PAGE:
Probing native DNA on filters(??)
Cheung C. Yue
ccy at po.CWRU.Edu
Fri Sep 18 20:25:08 EST 1992
In a previous article, bsh at MED.PITT.EDU (Basavaraju Shankarappa) says:
>> My question may be simple, but we don't seem to have
>> anyone here who has attempted this. Has anyone had any experience
>> with blotting native DNA (ie. Chromosome digest, non-denatured)
>> onto nylon filters and subsequently probing this DNA with a DNA
>> binding protein? I understand it is simple to blot native DNA
>> but will UV crosslinking fix it to the filter without having
>> previously denatured it?
>> One would assume that a DNA binding protein would require
>> the DNA binding site to be 1) in native form and 2) free from
>> binding to the filter. It would be nice if this method could
>> work and be used with a chromosomal digest blot or (even better)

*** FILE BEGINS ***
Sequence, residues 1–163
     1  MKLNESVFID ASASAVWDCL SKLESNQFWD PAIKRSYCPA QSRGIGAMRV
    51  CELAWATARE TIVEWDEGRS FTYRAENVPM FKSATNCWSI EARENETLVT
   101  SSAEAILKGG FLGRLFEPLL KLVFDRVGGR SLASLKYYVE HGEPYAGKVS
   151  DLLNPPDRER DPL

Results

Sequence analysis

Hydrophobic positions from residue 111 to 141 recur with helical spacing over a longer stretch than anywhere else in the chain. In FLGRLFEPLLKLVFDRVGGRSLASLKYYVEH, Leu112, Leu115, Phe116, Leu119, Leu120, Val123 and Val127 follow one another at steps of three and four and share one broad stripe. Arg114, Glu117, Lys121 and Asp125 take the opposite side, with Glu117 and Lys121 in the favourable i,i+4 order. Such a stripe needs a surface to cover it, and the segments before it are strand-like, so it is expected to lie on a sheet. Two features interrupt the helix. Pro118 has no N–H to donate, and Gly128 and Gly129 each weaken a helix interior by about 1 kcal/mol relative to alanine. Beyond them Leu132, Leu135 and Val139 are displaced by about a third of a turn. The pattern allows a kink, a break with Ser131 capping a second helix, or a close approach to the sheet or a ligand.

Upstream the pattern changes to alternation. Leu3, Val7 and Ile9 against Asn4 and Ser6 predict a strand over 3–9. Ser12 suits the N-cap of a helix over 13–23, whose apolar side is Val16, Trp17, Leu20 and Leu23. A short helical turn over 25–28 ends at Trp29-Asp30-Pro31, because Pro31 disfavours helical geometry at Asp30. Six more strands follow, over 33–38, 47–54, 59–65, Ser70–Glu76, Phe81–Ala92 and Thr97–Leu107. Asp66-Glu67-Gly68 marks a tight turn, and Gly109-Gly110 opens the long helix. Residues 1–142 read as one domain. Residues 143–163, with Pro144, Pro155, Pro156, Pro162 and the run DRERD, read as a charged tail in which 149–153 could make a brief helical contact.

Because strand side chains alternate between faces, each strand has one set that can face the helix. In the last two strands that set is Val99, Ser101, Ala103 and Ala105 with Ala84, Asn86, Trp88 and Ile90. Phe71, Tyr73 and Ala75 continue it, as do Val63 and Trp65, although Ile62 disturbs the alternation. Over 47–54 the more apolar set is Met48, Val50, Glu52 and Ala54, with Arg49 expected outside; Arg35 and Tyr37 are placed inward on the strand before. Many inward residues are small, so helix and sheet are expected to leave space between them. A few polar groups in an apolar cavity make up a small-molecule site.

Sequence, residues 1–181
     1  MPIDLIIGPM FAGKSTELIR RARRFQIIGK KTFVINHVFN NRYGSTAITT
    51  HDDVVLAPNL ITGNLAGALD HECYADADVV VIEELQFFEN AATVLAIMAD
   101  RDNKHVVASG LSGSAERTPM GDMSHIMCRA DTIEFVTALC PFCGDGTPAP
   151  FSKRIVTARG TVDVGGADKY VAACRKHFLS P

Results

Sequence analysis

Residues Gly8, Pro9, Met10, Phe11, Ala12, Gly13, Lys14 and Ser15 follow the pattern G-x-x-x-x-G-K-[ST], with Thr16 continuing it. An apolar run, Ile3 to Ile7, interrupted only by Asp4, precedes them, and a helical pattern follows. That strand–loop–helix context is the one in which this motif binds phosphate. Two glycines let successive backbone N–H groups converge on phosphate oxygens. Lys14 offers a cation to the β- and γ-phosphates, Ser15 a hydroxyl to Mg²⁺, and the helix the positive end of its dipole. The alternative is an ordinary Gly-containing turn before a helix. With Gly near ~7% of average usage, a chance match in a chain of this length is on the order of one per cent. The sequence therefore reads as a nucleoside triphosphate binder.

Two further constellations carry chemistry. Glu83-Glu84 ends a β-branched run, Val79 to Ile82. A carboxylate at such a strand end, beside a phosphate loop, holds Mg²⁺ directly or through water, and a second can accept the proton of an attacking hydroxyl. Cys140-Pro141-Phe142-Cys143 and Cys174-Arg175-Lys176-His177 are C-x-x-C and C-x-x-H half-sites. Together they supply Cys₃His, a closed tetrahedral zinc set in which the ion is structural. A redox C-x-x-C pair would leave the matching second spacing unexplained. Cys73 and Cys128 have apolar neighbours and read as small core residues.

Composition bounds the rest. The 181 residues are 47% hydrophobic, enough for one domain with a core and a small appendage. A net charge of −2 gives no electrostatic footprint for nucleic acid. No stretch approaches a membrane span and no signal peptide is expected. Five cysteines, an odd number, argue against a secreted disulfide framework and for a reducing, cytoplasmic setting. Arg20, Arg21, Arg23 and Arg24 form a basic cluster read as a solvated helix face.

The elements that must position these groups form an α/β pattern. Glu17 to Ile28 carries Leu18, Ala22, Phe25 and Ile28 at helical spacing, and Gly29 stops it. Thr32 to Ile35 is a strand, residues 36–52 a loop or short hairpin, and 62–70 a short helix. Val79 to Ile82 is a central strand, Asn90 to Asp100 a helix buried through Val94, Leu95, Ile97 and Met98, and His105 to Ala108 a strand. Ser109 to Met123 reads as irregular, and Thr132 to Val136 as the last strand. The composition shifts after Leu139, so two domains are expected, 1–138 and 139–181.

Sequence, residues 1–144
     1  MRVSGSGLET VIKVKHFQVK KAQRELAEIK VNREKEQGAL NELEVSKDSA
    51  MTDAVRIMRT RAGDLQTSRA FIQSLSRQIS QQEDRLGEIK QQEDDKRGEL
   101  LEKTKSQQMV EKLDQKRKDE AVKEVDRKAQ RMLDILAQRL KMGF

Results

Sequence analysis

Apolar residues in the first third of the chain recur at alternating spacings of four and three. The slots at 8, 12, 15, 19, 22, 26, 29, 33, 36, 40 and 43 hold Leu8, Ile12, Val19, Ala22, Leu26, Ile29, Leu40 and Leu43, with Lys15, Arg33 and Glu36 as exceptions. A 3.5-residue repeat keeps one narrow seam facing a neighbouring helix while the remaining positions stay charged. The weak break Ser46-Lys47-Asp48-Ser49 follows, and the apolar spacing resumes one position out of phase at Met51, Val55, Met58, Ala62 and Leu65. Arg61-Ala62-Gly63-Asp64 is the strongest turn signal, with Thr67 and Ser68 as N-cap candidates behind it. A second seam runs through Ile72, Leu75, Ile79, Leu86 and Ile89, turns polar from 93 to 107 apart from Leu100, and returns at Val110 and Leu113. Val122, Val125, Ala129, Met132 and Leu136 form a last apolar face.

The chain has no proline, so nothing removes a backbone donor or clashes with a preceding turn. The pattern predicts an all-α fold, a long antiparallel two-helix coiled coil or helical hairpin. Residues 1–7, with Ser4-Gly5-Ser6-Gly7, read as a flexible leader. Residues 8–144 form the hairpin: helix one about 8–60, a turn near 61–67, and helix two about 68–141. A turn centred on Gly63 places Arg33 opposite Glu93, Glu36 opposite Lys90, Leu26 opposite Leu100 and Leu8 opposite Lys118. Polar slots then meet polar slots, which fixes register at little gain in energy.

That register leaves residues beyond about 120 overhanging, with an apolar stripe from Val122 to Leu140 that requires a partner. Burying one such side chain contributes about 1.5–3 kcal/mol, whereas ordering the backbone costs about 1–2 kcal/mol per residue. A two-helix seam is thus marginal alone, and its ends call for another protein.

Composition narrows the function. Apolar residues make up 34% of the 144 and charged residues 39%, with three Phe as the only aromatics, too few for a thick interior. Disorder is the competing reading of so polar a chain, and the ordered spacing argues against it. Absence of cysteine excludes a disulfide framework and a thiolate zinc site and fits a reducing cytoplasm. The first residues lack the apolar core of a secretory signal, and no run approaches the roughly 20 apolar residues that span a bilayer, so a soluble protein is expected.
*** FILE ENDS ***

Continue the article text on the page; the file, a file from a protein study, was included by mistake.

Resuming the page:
>> a lambda bacterial library via colony hybridization.
>> G. Scott Gordon
>> Tufts U. - Sackler School
>Is this not the same as South-Western blot;
I don't believe what was asked was the South-Western blot. In that
one, the DNA-binding protein is fixed on the blot and probed with a
labelled DNA probe. Depending on what the original poster's intents
are, perhaps another useful technique is that of whole genome PCR
which I think was developed by Vogelstein's lab. In that technique,
DNA is fragmented, ligated to amplification primer-adapters, then
subjected to binding selection on immobilized DNA binding protein.
Bound DNA are rescued and amplified by PCR for additional rounds of
selection. Finally selected DNA fragments are cloned and sequenced.
Such fragments are obviously useful for screening genomic libraries.
ccy at po.cwru.edu
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